If the truth does set you free, Ellen Rohr is flying.
Rohr is all about what she calls “open book management,” which means telling your team the truth—even when it comes to financials. Telling your team the truth will result in employee engagement and other positives that grow the business.
“Your team can fix everything if you invite them to the game and you create a true conversation,” Rohr said on a webinar that was part of the ServiceTitan Growth Series. Registration is still open, and signing up provides access to the whole series.
“How Transparent Goals Can Unite Your Team” was the fourth in the eight-part masterclass for the trades. Rohr spoke from the experience of struggling with, then growing a family business, in part thanks to the mentorship and guidance of Frank Blau.
She now is COO of Zoom Drain Franchising, she runs Bare Bones Biz, a consulting firm that helps turn ideas into successful ventures, and is president of Benjamin Franklin, the Punctual Plumber, which she helped grow to $40 million in sales and 47 locations.
The entire effort with open book management is about sharing what is real, with the goal and end result to benefit everyone. The idea she tries to teach: Avoid the mistakes she made.
“It was absolutely horrible,” she said of the initial time after she joined her husband’s business when his partner died. “To this day, we still have scars in our relationship as a result of running out of money and taking it out on each other. This is where in a moment of desperation, I reached out to Frank Blau.
“Within the ServiceTitan community, Frank Blau is a revered name. I am one of his eagles.
“I am one of the people that he reached out and helped because I wrote him a letter. He called me up. He told me what a knucklehead I was, and he was right. He taught me how to combine and read and use financial reports to make better, faster, more profitable decisions.
“Now, does that sound sexy? Well, it is. Because I am all about making money.”
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Rohr used intriguing metaphors in explaining herself. She said she was able to get off the hamster wheel, to stop running and getting nowhere. That helped her, she said, “figure out my asset from my elbow.”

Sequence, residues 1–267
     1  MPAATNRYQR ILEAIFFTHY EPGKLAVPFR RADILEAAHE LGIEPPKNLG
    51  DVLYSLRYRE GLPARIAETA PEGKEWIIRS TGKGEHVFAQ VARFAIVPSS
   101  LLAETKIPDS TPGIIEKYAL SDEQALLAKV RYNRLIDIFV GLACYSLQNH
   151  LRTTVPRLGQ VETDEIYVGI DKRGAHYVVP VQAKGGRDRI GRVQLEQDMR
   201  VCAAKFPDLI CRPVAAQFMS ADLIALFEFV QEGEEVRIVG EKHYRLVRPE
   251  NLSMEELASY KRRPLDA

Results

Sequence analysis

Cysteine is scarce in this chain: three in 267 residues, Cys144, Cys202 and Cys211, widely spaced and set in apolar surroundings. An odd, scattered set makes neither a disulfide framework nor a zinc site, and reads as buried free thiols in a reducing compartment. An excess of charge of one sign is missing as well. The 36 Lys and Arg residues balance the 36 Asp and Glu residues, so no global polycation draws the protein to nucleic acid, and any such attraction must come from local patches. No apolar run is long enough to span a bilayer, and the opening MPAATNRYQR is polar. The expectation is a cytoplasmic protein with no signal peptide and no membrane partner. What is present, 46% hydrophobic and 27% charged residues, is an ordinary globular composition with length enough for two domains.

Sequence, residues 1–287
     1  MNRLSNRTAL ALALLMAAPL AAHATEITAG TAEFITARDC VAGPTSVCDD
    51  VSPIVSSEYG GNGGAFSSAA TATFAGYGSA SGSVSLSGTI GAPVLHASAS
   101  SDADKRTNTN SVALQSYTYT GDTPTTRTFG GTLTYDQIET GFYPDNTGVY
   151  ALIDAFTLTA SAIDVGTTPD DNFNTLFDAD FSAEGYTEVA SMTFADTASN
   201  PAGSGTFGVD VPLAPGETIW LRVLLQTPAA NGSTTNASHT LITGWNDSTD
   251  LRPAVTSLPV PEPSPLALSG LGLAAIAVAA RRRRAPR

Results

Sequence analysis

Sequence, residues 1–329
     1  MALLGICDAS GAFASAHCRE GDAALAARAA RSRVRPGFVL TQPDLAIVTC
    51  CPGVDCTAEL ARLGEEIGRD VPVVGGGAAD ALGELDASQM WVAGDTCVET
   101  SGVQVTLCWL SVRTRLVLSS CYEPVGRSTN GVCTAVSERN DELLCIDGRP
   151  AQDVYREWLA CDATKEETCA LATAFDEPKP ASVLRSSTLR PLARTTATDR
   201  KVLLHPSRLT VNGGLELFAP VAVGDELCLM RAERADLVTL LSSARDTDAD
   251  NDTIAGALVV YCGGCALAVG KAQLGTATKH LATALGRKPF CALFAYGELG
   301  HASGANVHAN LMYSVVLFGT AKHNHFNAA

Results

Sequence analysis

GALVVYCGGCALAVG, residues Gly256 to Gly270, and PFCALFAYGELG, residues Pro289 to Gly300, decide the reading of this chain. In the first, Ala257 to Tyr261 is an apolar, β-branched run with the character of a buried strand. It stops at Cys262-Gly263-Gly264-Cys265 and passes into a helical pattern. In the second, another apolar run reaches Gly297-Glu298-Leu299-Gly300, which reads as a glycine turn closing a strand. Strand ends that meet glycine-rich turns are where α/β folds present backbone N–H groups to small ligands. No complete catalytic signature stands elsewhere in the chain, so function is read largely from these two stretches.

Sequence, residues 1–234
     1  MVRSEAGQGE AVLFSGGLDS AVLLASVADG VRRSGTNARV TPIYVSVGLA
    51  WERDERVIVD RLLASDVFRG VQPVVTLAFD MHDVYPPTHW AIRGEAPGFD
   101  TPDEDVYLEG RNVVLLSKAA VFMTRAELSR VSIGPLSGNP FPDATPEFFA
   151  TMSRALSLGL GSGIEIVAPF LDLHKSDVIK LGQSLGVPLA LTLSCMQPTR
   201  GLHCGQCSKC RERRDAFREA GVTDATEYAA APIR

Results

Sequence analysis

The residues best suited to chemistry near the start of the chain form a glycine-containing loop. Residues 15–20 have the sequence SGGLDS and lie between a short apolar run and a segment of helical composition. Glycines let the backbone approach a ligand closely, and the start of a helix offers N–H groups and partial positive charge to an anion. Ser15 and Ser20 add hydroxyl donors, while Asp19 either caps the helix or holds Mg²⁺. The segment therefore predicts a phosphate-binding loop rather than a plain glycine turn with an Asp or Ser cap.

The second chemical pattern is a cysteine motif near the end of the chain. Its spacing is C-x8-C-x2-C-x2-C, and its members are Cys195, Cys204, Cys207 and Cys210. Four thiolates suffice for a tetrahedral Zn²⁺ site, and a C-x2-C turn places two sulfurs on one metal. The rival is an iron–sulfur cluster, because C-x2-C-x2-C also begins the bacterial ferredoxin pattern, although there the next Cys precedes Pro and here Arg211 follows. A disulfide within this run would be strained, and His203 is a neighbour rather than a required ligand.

“When you start to confront the numbers, it becomes crystal clear,” she said.
So she went to her husband, who shall be called Hot Rod because that’s what Rohr calls him, and she was blunt: We have to raise prices.
“Once I had the data, I could say, ‘This is why we’re not making any money,’” she said. “The emotion came down and the decisions were clear.”
That led her to open-book management and Jack Stack’s Great Game of Business, which includes a reason to believe and explaining your why. Like any sport, this game needs rules. Then it involves telling the truth.
“You know what telling the truth does? It builds trust,” Rohr said. “The only way to get to trust is to tell the truth. The truth as I know it was this ever increasingly accurate set of financials that I continued to share with my team.
“If I made a mistake, I fixed it, and I showed them that I fixed it. If I didn't know where to put something, I shared with them what my thought process was. Even if in the case of a couple of the guys, they didn't really care or understand it, the fact that I was sharing the truth was helpful in building a trustworthy relationship.”
She calls it “business uncomplicated, life unleashed.” The responsibility of the owner, she said, is to engage with the team so they can see how their actions and approach impact the numbers.
“That's all part of a game that could ultimately lead to more money in your pocket and theirs, and more opportunity for you and for them as you grow your company,” she said.
Sharing the score involves and energizes everyone. Their efforts are noticed, their work recognized. It challenges the team, and the owner, to be honest and upfront about what is working and what isn’t.
“It's not just so that I can make more money and grow the company,” she said. “It's so that while you're riding along with me, you can also make your dreams and goals come true.”
Rohr speaks with each team member about his or her goals, remembering that the quality of time matters more than the quantity. She tries to “demystify” the bookkeeping so everyone understands how their efforts impact the bottom line. To connect the dots between what they do and what they see on the financial scorecard.
She created the “financial quick check,” a one-page summary of the most important financial measures of a business. That one-page summary reduces fear and complexity and shows what is working and is not.
A sports analogy applies.
“If you are a professional golfer or even if you're an amateur golfer who wants to get better, if you're out on the links all by yourself at 7 p.m. on a spring evening, you're going to have that little pencil and the piece of paper, and you're going to keep score as you play,” she said.
“You're going to make note of, ‘That felt great. That swing felt great.’
“What did you do and how did you backswing and follow? What were you doing to create that? You start to relive how that behavior impacted the score.
“Pros keep score, and so we want to round out any resistance to posting information.”
Sharing the score –
Strategies for getting your team’s buy-in for growth
How to implement open-book management
Deciding which data points to share with your team
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